In this Sept. 12, 2012, file photo, Apple CEO Tim Cook speaks following an introduction of the new iPhone 5 in San Francisco. (Eric Risberg/AP)

Tim Cook is getting good at saying he’s sorry.

Last September, the Apple CEO pled forgiveness to Apple customers for the company’s faulty new mapping software. Then on Monday, the CEO of the consumer technology giant apologized to customers in China for “any concern or misunderstanding” resulting from the company’s response to criticism of its customer-service practices in the country. “We realize that a lack of communication in this process has led the outside to believe that Apple is arrogant and doesn’t care or value consumers’ feedback,” Cook wrote.

A little back story is in order. In recent weeks, Apple’s warranty policies have come under fire in China’s state-run media. First, the country’s largest state-run TV network ran an investigative report criticizing the company. More attacks followed in other government-owned media outlets, including an article titled “Defeat Apple’s Incomparable Arrogance.” The Chinese regulator for business practices called for “strengthened supervision” of the company.

In response, Cook issued an apology saying, among other things, that Apple would improve its repair policy, increase supervision and training given to authorized service providers, and make changes to its warranty policy. “We also realize that we still have a lot to learn on operating and communicating in China,” he wrote, seemingly asking forgiveness in advance for any future service slip-ups.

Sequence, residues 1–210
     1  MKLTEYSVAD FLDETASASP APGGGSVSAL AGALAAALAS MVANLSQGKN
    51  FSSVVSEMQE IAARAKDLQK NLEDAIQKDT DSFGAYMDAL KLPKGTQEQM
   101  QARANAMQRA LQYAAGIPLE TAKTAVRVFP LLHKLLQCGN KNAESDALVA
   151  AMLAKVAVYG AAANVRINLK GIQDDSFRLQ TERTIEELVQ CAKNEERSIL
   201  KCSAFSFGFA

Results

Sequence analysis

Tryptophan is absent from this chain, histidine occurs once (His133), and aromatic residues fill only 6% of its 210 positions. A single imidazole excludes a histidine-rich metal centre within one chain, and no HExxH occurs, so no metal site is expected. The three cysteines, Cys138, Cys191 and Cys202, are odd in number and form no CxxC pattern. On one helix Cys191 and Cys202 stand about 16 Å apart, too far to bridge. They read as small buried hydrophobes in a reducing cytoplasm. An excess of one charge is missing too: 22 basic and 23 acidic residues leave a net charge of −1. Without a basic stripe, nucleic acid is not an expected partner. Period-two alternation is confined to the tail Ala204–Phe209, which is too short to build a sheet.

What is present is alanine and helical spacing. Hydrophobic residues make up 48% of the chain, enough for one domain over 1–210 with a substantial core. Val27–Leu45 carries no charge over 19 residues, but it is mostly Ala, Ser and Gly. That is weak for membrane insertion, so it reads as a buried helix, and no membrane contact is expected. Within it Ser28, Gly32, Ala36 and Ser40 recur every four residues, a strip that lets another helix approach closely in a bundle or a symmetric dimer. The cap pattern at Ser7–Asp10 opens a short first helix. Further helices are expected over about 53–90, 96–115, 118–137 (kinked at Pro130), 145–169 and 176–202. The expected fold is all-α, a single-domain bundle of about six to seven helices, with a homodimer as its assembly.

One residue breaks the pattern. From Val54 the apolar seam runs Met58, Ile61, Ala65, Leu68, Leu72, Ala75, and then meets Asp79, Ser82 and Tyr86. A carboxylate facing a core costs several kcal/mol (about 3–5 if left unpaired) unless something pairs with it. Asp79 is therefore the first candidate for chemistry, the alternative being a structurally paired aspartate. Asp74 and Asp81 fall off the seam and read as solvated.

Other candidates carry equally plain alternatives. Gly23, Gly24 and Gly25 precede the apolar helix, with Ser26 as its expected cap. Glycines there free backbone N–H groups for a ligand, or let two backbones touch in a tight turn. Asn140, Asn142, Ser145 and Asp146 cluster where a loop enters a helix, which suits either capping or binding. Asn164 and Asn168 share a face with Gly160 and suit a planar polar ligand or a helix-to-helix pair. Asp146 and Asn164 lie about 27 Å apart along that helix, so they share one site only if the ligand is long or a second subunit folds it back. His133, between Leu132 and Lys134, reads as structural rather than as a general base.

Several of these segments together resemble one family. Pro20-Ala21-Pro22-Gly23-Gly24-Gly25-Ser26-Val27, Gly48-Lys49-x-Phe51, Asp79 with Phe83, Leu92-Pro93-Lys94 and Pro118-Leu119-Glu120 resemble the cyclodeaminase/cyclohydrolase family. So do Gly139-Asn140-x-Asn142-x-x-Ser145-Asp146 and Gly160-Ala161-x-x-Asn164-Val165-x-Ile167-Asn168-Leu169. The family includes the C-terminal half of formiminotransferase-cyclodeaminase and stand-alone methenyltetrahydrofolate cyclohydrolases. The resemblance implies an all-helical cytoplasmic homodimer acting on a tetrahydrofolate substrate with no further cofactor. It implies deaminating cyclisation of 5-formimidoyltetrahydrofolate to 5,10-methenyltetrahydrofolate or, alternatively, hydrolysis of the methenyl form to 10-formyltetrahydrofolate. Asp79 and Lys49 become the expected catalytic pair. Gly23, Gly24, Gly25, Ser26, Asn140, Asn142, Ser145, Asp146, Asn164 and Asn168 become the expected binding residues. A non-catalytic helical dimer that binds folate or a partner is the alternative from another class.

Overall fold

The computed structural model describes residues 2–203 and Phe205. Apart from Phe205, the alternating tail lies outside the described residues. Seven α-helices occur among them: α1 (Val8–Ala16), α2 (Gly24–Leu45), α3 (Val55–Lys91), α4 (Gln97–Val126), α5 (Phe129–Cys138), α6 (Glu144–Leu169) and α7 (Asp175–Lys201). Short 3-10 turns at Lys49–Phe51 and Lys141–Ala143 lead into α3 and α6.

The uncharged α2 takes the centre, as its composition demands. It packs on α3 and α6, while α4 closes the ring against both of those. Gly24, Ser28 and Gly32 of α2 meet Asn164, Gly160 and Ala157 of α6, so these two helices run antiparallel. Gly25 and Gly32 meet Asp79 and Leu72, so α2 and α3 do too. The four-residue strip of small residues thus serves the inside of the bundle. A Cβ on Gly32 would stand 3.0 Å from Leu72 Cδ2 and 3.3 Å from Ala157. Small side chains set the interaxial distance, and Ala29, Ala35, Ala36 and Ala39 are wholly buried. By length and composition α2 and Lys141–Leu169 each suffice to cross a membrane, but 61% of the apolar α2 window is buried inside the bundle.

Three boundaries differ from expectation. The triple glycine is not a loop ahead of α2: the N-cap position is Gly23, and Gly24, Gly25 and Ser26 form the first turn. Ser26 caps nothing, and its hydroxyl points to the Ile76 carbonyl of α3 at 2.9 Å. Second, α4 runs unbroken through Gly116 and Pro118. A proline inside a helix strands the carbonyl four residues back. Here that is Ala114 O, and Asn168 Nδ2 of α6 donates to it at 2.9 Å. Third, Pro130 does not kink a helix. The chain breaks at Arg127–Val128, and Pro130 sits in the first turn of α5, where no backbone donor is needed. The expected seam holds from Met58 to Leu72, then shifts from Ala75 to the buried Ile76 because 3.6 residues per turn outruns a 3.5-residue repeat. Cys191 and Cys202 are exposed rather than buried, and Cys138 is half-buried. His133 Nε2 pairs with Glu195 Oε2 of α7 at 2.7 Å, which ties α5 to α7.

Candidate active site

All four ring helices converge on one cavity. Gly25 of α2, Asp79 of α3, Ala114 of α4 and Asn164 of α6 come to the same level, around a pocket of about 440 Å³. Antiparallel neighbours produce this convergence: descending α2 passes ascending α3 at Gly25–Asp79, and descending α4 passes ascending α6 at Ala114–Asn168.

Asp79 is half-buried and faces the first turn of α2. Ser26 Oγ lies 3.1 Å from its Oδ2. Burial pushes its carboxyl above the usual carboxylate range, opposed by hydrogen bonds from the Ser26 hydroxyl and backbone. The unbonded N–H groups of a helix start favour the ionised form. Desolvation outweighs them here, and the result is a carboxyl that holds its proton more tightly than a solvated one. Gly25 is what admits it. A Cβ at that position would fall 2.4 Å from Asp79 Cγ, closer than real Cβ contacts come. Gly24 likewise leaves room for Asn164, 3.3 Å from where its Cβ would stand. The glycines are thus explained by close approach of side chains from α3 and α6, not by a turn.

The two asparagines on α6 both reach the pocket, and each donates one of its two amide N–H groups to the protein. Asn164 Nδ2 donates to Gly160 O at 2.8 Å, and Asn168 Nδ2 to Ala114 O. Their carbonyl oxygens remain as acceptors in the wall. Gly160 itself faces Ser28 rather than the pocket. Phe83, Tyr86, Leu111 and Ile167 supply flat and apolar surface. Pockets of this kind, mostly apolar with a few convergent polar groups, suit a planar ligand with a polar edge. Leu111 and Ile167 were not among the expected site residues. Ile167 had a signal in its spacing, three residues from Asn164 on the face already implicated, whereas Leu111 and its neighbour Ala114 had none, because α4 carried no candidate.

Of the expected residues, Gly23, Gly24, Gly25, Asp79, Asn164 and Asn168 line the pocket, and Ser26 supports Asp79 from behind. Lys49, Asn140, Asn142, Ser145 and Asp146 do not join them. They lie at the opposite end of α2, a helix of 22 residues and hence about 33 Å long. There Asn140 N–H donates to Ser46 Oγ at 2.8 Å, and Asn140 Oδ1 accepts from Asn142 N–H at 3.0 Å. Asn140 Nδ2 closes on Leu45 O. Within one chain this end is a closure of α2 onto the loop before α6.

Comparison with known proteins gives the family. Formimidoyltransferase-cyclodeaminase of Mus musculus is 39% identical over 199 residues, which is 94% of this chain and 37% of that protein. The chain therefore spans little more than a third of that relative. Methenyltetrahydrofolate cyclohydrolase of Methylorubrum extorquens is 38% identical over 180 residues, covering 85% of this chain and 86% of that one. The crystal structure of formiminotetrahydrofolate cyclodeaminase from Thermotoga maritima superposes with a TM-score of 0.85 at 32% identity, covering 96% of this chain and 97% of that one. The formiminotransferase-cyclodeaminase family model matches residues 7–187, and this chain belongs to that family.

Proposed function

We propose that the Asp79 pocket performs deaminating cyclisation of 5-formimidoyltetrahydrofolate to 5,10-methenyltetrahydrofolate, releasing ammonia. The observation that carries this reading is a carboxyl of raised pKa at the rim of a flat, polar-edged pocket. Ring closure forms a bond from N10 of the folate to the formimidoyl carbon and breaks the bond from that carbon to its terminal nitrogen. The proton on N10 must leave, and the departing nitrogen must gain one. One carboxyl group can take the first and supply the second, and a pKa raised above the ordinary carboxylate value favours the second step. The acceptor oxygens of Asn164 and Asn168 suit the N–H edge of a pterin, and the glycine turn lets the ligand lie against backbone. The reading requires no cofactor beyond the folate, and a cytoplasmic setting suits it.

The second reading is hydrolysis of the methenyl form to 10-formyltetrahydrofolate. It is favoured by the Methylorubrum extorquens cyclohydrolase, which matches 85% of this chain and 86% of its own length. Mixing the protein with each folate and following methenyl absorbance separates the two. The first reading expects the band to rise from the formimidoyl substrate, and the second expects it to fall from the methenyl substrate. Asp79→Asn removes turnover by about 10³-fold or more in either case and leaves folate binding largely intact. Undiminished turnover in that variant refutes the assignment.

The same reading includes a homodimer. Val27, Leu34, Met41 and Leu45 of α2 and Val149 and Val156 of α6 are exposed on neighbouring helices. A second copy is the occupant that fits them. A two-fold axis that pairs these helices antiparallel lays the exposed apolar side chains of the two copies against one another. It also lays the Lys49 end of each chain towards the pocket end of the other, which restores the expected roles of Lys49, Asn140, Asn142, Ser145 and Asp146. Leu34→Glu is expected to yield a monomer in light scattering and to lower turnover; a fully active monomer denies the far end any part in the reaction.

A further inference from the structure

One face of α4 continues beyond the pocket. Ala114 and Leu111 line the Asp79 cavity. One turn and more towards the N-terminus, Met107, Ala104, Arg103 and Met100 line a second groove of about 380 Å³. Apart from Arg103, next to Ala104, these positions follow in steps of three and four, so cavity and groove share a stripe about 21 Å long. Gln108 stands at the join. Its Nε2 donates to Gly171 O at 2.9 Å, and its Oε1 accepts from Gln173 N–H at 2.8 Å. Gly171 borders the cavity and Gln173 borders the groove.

Was it the right call? Typically, such rare apologies from corporate CEOs get showered with praise, as was the case with Cook’s atonement over the maps software debacle. Showing enough humility to admit a mistake and having the willingness to correct past wrongs earns points with both customers and observers of leaders’ behavior.

But Cook’s decision to bow to Chinese government criticism saw much more debate. Some analysts called it a mistake, giving the state-run media more credibility when customers were already defending Apple for its relatively good service. Amid strange developments like a rumored state-sponsored celebrity campaign to bash the company, as well as questions about intentions behind the Chinese media’s criticisms, some critics could see the apology as making Apple appear “weak.” Meanwhile, others cheered Cook’s mea culpa as doing its job, repairing relationships in China where navigating official channels is complex, to say the least.

My take? Some battles are not worth fighting, and this was one of them. For Cook, the critical importance of the Chinese market meant the apology was worth it, whatever the source of the complaints-or the underlying reason for them-may have been. If anything, he might have addressed the complaints earlier. Reports say the company “initially dismissed” the criticisms. Saying sorry is never easy for any leader, or under any circumstances. But doing it quickly usually means it gets a little less attention.

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